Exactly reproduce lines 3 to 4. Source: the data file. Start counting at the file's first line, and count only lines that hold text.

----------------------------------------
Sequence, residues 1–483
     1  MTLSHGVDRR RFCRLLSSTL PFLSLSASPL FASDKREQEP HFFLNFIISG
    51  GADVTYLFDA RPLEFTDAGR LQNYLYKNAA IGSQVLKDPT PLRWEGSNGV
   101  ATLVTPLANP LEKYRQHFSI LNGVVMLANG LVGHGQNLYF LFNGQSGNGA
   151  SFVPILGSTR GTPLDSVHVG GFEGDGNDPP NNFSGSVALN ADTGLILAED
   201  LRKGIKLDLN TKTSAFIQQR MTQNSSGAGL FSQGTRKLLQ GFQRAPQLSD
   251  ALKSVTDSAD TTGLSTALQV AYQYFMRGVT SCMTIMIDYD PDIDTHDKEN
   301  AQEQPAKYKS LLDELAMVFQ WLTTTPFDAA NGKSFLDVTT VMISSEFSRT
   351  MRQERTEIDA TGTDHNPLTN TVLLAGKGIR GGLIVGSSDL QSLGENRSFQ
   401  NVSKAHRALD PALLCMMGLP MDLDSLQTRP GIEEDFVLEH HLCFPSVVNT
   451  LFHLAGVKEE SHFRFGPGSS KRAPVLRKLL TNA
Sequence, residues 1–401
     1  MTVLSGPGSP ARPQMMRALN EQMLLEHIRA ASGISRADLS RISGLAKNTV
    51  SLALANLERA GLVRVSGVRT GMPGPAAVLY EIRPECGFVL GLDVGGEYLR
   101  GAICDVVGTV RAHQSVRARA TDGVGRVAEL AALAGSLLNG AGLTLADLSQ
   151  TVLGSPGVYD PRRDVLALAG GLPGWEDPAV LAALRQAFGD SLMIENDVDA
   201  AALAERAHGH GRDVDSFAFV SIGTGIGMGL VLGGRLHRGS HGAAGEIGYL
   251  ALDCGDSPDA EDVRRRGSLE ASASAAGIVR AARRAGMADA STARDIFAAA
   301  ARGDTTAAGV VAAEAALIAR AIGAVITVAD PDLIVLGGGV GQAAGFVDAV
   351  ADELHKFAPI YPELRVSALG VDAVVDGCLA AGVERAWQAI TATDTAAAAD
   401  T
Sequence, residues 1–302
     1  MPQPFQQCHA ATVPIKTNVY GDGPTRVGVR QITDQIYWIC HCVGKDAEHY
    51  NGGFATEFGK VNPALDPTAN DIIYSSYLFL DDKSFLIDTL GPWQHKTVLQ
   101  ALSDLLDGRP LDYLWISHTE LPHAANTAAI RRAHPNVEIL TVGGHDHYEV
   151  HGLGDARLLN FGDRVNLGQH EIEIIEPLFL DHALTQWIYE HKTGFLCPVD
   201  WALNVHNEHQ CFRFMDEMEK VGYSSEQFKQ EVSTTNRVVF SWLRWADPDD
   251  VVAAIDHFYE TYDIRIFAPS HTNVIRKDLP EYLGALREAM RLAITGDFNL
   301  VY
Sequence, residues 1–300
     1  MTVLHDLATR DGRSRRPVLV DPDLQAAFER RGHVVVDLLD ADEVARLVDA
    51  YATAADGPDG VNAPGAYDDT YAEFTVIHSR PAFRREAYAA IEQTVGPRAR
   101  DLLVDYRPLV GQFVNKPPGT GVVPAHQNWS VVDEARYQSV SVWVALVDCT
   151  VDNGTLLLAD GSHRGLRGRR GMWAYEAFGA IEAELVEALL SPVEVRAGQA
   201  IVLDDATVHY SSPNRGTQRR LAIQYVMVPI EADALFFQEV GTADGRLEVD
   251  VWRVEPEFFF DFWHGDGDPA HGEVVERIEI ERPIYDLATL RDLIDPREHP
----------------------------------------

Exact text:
    51  GADVTYLFDA RPLEFTDAGR LQNYLYKNAA IGSQVLKDPT PLRWEGSNGV
   101  ATLVTPLANP LEKYRQHFSI LNGVVMLANG LVGHGQNLYF LFNGQSGNGA